LISPOS: My manifesto
Sat, 28 Mar 1998 10:40:31 -0600 (CST)


> > If you want the list to serve a purpose you'll need to get several people
> > to agree on doing something, and co-ordinate via the list, or wait until
> > someone who has gone away has a core they consider worthy of being built
> > upon.
> I think we should work in parallel as much as possible.  If some
> people want to work in CL, cool; if some people want to get down to
> the silicon, cool; let them do it.  I wish them good luck, and think
> that (at least the latter) is a fine project (but see points 5,6 of my
> last paragraph).

Alas, I agree.  I was continuously whining about unity and leadership,
and look where it got us?  Nowhere.  Work in parallel.  Find something
that interests you and work on it, and then release it for others
to view and modify (GPL license?).  Maybe one day, somebody will
go web shopping and find all these related, yet separate projects,
and decide to integrate them as hir own little project and we
may have our O/S yet.

Waiting for agreements is not going to work from what I've seen.
I've already started some of my own work.  It's trivial stuff, but
it's a start, and I need it to answer some of my own issues with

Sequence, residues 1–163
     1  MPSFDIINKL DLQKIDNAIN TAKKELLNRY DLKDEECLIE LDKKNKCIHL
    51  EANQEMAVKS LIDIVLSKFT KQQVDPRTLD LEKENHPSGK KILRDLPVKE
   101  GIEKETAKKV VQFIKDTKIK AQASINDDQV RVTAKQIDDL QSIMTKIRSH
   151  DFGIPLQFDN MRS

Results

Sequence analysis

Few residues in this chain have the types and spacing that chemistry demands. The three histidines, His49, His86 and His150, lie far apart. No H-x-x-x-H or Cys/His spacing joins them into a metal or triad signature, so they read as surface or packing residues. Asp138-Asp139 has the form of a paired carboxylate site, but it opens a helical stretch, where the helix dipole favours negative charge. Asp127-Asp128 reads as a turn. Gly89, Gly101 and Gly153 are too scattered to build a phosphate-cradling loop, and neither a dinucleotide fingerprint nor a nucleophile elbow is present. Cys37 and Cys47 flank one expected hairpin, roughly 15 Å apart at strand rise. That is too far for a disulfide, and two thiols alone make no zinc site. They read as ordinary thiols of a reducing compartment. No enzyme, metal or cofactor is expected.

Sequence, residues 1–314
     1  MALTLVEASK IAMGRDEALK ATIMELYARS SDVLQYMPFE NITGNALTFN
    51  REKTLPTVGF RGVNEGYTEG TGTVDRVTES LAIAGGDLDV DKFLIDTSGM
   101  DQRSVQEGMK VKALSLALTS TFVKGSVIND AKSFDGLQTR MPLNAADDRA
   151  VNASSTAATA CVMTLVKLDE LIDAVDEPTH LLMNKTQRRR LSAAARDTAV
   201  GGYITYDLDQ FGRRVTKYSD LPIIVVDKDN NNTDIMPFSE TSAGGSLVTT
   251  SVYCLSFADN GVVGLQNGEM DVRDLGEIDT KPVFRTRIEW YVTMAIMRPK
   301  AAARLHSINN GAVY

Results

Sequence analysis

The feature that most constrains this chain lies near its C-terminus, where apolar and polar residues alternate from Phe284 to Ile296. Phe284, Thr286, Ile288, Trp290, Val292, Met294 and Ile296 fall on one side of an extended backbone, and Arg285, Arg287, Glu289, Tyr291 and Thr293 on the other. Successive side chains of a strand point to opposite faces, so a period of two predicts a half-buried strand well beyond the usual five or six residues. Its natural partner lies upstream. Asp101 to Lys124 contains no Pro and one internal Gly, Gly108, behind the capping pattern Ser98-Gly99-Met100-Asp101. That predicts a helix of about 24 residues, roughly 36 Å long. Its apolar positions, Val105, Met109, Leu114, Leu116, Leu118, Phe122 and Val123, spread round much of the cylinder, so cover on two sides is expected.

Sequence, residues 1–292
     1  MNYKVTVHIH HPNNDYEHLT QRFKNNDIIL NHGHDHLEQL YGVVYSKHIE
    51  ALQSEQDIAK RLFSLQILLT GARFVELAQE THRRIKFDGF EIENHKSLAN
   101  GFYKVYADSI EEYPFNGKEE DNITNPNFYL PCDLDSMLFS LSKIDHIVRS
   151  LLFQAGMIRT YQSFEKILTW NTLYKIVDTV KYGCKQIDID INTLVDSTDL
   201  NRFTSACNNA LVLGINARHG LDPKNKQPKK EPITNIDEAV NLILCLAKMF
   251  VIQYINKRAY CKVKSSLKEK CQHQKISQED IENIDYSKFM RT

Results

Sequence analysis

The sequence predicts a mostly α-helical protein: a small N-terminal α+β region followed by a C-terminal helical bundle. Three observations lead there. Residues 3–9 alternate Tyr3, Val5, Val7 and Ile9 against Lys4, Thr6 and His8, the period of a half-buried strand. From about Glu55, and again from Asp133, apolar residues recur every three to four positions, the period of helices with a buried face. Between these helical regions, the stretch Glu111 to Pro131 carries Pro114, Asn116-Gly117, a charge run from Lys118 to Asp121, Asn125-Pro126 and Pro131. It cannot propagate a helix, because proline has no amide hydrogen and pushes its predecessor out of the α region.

my idea of a Common Lisp Shell (a prototype of which is my next

Rodrigo Ventura pointed out a site where you may upload the
fruits of your labor:

That's where I intend to release anything I do, finished or not,
and if they'll accept notes as a form of work, that's where they
will go.  I encourage everyone to go browsing around there every
so often, and work on something if you feel like it, even if
you are sure your idea won't be taken up.  It could form the
basis for a better, new idea or may provide code that can
be pulled out and integrated into another package.

I intend to stop by there and look around shortly.

Once we have people working all over the place, integration may
eventually happen -- it's our best hope.  At least we'll have the
makings of some kind of foundation -- which is more than what we
have now.

[Snip -- list of things he's working on]

I like it!  You will be posting your results to the web site right?

> Versions of 3,4,6 should be available by late June.  5 will be later
> in the summer, and 7 will be 8-12 months.

And a concrete date!  Bless you man!

> Things I wish other people would do:


> 3) build utilities;

What I'm doing is prototypical, and while it may end up with enough
functionality to be considered a utility, no attention to error
checking or performance has been paid, hence some may regard it
as a toy (and rightfully so).  Still it will be out there and can
be used until it is modified/re-written, or something better
comes along.  I also have possible plans for using it in my
next project (no promises about when/if anything will be done,
things are hectic around here so everything is in question).

For now, everything I see myself doing in the immediate future and
given the direction of this list is prototypes/toys.  They will
provide concrete implementations that can be used, but the only
consideration will be on proving concepts and supplying functionality.